Powers Act (IEEPA) to increase the maximum civil and criminal 
penalties that may result from violations of that act. IEEPA 
authorizes the President to investigate, regulate, and prohibit 
certain financial transactions following a declaration of an 
``unusual and extraordinary threat'' originating outside the 
United States. Under current law, individuals and entities that 
violate regulations promulgated under IEEPA are subject to 
civil penalties of up to $10,000, and criminal penalties of up 
to $250,000 and 10 years' imprisonment. Under this legislation, 
the maximum penalty would be increased to $250,000 for civil 
violations and $1 million and 20 years' imprisonment for 
criminal violations.
    Enacting this bill could increase federal revenues as a 
result of the collection of additional civil and criminal 
penalties assessed for violations of IEEPA regulations. Civil 
penalties are typically assessed by the Office of Foreign 
Assets Control (OFAC) of the U.S. Treasury, while criminal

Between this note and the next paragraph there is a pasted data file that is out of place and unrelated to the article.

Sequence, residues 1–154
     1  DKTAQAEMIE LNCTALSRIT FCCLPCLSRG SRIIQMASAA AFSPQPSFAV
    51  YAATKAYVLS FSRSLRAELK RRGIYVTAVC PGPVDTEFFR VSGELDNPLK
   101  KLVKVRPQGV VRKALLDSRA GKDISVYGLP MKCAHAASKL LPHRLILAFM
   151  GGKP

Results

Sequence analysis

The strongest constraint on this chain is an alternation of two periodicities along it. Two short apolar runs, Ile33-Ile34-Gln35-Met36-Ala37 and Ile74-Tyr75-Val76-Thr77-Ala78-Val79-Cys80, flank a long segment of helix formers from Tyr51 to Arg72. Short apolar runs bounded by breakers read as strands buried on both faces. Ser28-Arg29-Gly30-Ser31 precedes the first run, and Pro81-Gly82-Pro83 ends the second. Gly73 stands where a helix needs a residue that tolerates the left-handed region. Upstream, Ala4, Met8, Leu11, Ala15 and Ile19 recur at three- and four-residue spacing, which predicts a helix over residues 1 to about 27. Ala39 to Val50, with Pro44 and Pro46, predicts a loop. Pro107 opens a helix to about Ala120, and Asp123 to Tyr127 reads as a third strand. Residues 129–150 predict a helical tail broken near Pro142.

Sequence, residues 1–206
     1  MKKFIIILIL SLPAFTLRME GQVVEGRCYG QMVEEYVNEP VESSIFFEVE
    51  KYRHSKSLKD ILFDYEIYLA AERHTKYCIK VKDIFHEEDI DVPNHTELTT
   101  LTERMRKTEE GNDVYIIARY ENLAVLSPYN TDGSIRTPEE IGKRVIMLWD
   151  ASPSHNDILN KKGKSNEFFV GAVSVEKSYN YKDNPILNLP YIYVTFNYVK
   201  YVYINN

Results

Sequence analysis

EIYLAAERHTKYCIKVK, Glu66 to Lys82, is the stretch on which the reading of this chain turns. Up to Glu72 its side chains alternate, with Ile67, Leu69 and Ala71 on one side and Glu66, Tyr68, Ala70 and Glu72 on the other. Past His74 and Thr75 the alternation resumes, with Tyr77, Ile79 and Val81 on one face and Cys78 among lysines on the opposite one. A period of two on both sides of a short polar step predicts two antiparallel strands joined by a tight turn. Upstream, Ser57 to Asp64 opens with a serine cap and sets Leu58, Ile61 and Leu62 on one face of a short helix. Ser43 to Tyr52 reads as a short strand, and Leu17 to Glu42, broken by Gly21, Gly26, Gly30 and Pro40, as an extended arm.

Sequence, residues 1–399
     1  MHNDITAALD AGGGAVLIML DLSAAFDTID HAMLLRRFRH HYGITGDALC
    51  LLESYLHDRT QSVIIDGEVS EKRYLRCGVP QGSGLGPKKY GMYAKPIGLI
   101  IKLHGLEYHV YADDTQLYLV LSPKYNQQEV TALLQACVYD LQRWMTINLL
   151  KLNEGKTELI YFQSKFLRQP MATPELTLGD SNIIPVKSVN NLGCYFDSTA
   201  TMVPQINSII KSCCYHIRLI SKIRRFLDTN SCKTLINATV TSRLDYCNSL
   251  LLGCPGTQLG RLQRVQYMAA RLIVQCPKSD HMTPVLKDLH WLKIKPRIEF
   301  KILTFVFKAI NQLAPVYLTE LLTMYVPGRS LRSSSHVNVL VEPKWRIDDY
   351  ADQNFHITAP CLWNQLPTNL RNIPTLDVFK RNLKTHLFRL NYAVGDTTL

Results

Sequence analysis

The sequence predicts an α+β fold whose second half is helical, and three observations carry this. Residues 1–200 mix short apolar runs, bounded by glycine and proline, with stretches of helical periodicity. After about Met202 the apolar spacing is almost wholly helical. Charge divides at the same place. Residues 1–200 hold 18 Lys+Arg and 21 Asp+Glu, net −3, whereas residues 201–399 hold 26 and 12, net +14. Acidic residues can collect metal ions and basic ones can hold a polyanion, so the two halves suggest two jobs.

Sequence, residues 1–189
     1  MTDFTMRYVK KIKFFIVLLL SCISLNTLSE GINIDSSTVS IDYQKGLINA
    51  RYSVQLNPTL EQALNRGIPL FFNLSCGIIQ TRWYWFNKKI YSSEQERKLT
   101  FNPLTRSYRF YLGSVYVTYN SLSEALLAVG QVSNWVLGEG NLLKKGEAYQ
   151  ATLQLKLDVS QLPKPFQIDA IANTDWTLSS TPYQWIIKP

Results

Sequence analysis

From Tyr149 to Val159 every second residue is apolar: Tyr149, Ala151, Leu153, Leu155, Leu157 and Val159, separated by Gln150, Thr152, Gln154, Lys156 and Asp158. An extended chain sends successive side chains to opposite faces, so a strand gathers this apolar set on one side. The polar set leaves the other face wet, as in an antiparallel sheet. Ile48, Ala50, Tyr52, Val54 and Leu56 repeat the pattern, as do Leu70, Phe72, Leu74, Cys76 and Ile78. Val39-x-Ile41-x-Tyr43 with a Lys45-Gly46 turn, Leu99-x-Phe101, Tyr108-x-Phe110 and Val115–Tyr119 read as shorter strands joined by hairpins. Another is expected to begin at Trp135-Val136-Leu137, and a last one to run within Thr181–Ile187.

penalties are assessed in the federal courts. Amounts collected 
from civil penalties are recorded in the budget as revenues and 
are deposited into the General Fund of the Treasury. Criminal 
fines are recorded as revenues, then deposited in the Crime 
Victims Fund, and later spent. Based on information from OFAC 
and the Administrative Office of the United States Courts, CBO 
expects that the increases proposed by this legislation would 
affect relatively few cases per year. As such, we estimate that 
enacting this bill would probably have an insignificant effect 
on the federal budget over the next 10 years.
    This bill contains no intergovernmental or private-sector 
mandates as defined in the Unfunded Mandates Reform Act and 
would not affect the budgets of state, local, or tribal 
    The CBO staff contact for this estimate is Daniel Hoople. 
This estimate was approved by Peter H. Fontaine, Deputy 
Assistant Director for Budget Analysis.

                      VII. COMMITTEE CONSIDERATION

    The Committee on Banking, Housing, and Urban Affairs met in 
open session on May 16, 2007, and ordered the bill reported, as